20. The computer program product of claim 18 wherein the instructions further comprise:

instructions for receiving customer input from a customer interface device, the customer input comprising choosing one or more budgeting accounts to debit during completion of a transaction at a point of sale;
instructions for receiving customer payment information; and
instructions for debiting the one or more budgeting accounts based on the customer input and customer payment information.

21. The computer program product of claim 20 wherein the instructions further comprise:

instructions for communicating confirmation of transaction completion to the customer device.

22. The computer program product of claim 14, wherein the instructions further comprise:

instructions for authenticating the customer at an automated teller machine (ATM);
instructions for receiving customer input initiating an ATM deposit transaction at the ATM;
instructions for receiving customer input choosing one or more budgeting accounts to credit and input regarding credit split amounts; and
instructions for crediting the one or more budgeting accounts based at least in part on the received customer input.

23. The computer program product of claim 13, wherein the instructions further comprise:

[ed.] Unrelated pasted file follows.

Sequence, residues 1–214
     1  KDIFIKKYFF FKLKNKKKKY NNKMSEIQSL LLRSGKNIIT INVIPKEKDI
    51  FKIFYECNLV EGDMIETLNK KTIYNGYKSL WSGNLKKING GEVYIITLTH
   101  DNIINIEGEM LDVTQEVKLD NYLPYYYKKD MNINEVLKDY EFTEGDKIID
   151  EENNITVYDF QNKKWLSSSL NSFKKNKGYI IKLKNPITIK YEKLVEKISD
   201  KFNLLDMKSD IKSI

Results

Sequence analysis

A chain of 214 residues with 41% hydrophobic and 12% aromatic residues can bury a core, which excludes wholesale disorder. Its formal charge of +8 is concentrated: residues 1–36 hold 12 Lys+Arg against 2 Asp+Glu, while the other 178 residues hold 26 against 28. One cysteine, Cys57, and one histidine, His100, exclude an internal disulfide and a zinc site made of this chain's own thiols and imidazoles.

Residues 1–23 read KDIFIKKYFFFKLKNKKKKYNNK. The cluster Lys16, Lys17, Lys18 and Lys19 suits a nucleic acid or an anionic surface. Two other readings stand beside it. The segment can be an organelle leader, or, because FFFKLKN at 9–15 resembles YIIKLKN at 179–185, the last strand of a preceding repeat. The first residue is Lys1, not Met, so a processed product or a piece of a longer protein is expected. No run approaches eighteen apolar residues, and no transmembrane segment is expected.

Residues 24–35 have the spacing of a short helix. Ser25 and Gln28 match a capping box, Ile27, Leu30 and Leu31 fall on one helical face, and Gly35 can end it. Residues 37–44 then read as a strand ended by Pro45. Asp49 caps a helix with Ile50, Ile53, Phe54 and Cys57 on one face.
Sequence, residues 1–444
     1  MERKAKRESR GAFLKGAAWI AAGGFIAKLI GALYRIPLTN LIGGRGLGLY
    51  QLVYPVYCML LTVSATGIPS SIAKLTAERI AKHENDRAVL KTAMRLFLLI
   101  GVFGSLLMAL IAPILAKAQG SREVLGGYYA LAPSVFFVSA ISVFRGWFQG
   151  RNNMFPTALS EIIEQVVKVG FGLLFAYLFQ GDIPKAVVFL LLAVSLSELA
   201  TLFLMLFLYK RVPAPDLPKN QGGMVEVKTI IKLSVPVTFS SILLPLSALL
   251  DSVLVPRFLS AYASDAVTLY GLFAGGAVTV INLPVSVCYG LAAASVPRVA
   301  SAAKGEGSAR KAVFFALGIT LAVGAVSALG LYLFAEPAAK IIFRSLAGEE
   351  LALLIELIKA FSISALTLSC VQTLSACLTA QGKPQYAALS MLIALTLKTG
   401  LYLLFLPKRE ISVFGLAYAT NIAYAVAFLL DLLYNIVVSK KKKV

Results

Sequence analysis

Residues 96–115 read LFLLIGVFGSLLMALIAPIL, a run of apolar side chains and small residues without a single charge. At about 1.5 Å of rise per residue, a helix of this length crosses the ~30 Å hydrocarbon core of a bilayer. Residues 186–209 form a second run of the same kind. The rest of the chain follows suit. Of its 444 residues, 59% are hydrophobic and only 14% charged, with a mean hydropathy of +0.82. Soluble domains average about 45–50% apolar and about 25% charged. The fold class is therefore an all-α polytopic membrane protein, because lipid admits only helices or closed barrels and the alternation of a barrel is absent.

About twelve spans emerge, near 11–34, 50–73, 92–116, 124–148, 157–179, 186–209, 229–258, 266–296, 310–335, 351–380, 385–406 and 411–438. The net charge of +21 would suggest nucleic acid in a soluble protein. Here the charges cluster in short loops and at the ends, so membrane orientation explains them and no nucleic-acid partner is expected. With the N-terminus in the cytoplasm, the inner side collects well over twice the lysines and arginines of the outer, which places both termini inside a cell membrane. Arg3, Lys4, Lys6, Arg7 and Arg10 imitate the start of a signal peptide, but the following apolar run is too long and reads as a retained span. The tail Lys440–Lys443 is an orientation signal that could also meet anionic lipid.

instructions for authenticating the customer at an automated teller machine (ATM);
instructions for receiving customer input initiating an ATM transfer transaction at the ATM;
instructions for receiving customer input choosing zero or more budgeting accounts to credit and input regarding credit split amounts;
instructions for receiving customer input choosing zero or more budgeting accounts to debit;
instructions for receiving customer input specifying the transfer amount;
instructions for crediting the zero or more budgeting accounts based at least in part on the received customer input; and
instructions for debiting the zero or more budgeting accounts based at least in part on the received customer input.

24. The computer program product of claim 18, wherein the instructions further comprise:

instructions for authenticating the customer at an automated teller machine (ATM);
instructions for receiving customer input initiating an ATM withdrawal transaction at the ATM;
instructions for receiving customer input choosing one or more budgeting accounts to debit and input regarding debit amount; and
instructions for debiting the one or more budgeting accounts based at least in part on the received customer input.

25. A system for assisting a customer with budgeting, the system comprising:

a processing device configured for: receiving customer input indicating the customer's desire to create one or more budgeting accounts each defined to correspond with one or more items included in a customer spending budget; receiving customer input regarding one or more rules corresponding to the one or more budgeting accounts; and creating one or more budgeting accounts based at least in part on the received customer input.